‘A chicken in every pot’ is so passé. How about, ‘A tank in every parade?’

Thirteenth Century England’s King Henry IV is credited with saying, “I want there to be no peasant in my kingdom so poor that he is unable to have a chicken in his pot every Sunday. Sadly, Henry was unable to “overcome the fiscal and administrative weaknesses that contributed to the eventual downfall” of his 14-year reign, reports The Encyclopædia Britannica.

Years later and across the pond, President Herbert Hoover, father of the 1929 Great Depression, campaigned on a 1928 promise that Americans would have “a chicken in every pot and a car in every garage.” By 1930, 11 million unemployed adult Americans — a quarter of the population — not only didn’t have the chicken, but were often sleeping in abandoned garages to escape the weather. It was the longest, deepest, and most widespread depression of the 20th century.

This year, King Nincompoop the First and his cabal of stooges in Congress have raised those promises to a new height. They are going to borrow their way out of overwhelming debt so the United States can remain the “most powerful nation in the world.”

The self-ordained fiscal conservative in the White House is promising “jobs, jobs, jobs”  and a tank in every parade, a plane in every hanger, and plenty of American soldiers in every shithole. His junta of former warriors and chicken hawks must be hunting more than poultry.

Unfortunately for American taxpayers, chasing chimerical boogeymen is getting expensive. The U.S. doesn’t have the money to pay for more war without purloining our children’s futures. The White House says the Democrats’ anemic social programs are at risk. House Speaker Paul Ryan:

“The military is not the massive fiscal culprit around here that’s the driver of our debt. It is the fact that baby boomers are retiring, we’re not prepared for the retirement and these 20th-century programs like Medicare need to be modernized so they can fulfill their mission without breaking the bank. And that’s what we’ve got to work on.”

Does the Pentagon really need almost a trillion dollars to rearm America? The Defense Department says American armed forces are over a million strong, superbly equipped, and well trained.

At Camp Shelby outside Hattiesburg, Miss., are mile after mile of mothballed M1 tanks, personal carriers, and artillery of every description. Even more stupefying is the Sierra Army Depot (SIAD) near Herlong, Calif., where 20,000 similar weapons await refurbishing.

None of it is enough, according to Generalissimo Trump’s generals. To pay for our suddenly feeble armed forces, Congress appropriated a $193 billion more to the proposed $716 billion, 10-year defense spending bill already being bandied about.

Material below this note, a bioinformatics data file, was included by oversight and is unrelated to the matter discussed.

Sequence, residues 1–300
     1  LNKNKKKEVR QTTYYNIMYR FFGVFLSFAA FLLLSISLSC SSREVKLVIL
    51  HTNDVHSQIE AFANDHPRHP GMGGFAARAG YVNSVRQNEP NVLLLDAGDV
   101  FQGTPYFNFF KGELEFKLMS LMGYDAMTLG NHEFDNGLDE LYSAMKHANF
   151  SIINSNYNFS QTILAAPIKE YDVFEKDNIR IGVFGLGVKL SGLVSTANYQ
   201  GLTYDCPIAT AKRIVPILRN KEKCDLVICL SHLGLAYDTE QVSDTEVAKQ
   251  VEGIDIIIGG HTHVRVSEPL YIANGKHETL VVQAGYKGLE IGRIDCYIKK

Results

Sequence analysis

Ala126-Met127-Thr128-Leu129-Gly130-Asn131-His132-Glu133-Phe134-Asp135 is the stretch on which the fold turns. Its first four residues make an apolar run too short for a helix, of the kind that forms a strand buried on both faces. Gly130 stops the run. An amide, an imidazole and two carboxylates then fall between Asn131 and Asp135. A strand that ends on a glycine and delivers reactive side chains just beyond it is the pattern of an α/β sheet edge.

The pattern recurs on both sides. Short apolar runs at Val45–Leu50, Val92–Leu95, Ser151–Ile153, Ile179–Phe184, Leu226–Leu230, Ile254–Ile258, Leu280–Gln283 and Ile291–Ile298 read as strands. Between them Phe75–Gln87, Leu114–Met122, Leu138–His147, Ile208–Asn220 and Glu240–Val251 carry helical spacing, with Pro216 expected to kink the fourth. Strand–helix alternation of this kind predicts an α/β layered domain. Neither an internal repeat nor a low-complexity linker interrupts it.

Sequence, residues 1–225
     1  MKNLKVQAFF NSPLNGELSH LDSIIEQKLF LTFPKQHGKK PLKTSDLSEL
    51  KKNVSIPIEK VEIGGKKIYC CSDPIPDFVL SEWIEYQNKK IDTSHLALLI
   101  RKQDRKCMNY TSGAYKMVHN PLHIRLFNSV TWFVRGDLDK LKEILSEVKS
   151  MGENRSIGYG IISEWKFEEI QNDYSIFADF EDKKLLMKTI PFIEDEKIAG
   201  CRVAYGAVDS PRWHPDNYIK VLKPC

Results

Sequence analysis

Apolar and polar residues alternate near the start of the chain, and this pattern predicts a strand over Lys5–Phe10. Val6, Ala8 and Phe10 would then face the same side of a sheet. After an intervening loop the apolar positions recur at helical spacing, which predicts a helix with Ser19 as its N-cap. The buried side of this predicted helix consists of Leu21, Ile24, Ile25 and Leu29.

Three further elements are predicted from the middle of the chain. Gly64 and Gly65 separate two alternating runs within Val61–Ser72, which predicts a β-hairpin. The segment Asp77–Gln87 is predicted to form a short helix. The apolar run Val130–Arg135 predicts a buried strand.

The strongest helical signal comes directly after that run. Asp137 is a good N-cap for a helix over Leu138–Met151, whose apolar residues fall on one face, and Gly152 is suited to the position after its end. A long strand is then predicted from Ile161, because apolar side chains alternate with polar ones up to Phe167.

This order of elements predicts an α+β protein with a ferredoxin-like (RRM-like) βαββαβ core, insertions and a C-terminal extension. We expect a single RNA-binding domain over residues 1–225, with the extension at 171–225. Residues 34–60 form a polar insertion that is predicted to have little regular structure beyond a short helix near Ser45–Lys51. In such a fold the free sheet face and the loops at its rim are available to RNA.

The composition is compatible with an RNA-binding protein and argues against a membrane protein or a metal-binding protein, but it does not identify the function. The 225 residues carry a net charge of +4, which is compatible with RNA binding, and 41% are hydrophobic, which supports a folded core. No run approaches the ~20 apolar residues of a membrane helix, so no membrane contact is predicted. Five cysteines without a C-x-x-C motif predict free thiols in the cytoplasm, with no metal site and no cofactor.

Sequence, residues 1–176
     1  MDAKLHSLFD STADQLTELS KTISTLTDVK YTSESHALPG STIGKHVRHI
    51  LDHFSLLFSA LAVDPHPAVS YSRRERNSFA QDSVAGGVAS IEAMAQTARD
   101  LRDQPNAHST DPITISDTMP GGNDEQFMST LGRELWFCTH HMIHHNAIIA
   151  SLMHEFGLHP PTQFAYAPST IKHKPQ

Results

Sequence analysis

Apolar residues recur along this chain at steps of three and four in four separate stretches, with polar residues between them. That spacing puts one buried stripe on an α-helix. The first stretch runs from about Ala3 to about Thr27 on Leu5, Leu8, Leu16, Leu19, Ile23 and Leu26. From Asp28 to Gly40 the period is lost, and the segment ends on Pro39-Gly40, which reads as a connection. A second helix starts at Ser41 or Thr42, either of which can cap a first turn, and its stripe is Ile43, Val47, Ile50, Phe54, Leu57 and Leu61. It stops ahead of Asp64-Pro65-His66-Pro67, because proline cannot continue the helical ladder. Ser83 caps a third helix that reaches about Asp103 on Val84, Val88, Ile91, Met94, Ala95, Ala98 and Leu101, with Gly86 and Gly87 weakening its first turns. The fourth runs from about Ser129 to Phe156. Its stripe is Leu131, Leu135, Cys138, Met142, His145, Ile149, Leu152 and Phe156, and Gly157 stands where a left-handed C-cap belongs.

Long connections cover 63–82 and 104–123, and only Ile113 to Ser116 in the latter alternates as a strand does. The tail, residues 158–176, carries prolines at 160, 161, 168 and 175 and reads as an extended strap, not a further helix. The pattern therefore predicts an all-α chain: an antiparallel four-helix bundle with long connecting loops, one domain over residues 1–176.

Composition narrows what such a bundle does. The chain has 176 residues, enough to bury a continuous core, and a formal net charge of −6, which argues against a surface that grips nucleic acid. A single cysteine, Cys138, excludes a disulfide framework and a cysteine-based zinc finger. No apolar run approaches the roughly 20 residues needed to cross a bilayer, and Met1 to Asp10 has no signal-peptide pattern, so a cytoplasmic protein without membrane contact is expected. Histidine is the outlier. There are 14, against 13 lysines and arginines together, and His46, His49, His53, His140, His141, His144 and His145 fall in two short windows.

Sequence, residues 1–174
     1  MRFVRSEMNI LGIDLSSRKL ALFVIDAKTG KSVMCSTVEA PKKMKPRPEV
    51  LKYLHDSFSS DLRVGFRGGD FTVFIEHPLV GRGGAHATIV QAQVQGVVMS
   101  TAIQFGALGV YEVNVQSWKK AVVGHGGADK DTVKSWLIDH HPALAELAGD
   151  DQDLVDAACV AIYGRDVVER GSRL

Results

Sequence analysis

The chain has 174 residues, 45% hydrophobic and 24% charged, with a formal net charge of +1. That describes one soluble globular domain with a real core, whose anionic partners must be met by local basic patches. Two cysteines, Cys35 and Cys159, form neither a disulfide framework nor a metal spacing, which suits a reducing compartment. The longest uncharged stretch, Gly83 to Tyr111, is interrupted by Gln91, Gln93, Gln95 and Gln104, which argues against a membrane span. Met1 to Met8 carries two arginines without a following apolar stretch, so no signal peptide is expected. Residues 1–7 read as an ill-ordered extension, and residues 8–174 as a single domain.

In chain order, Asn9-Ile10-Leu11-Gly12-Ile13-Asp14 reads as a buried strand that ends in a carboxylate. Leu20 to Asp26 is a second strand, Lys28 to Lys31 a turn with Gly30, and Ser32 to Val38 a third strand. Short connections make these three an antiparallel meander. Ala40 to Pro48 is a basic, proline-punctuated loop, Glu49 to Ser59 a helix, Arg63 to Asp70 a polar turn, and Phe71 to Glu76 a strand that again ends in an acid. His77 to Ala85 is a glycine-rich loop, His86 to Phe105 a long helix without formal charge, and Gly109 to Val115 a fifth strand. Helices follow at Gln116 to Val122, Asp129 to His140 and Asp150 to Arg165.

The money will be applied to recruitment, training, new weapons and infrastructure, according to the Pentagon. However, the Defense Logistics Agency, the agency that supplies the Pentagon with everything from fruits to nuts and is charged with making sure the nation’s treasure is wisely spent, admitted on Feb. 5 that it has lost track of roughly $800 million in construction spending.

Secretary of Defense James N. Mattis was stumping the defense budget proposal last week, explaining how derelict the American armed forces have become. Speaker Ryan agreed:

“The winners today are the men and women who serve in our armed forces. Secretary Mattis will finally have the resources to rebuild a badly depleted military.”

Last year, the Pentagon received $37 billion more dollars than Generalissimo Trump requested.

The U.S. military already maintains the biggest Navy in the world, with 430 ships in active service or reserve. Every time one of America’s 10 nuclear-powered aircraft carriers goes to sea, the world’s seventh biggest air force goes with it.

Mattis says we need more soldiers, airmen, and sailors than the 1.4 million active frontline personnel serving around the globe. Add to that figure 880,000 reservists and National Guard members and we are second only to China in manpower, and biggest in every other respect with the exception of aging Russian tanks.

“America can afford survival,” Secretary Mattis, a retired Marine Corps general, added Wednesday at the White House.

Left out of Mattis’ clever explanation for staggering defense spending is how the United States can be the most powerful country on Earth and simultaneously be the wounded duck the defense establishment portrays it to be. In fact, the Pentagon says it has 8,848 tanks and 13,892 airplanes.

Less than four years ago, on April 4, 2013, the Army declared its 69-year history of basing main battle tanks on German soil had ended when the last 22 Abrams tanks embarked for a return to the United States. Most of them were mothballed on tank farms like the huge one at Camp Shelby. Since then, Trump has dispatched 65,000 soldiers and three armored brigades to Europe. The force is more powerful then all the western European armies combined.

Meanwhile, critics say, American children suffer without adequate health care or food, and the elderly die of neglect.

The good news in Ryan’s orbit is that once all the pesky baby boomers bite the dust, the cost for elderly medical care will sharply decline. Then there will be even more money to spend on weapons.

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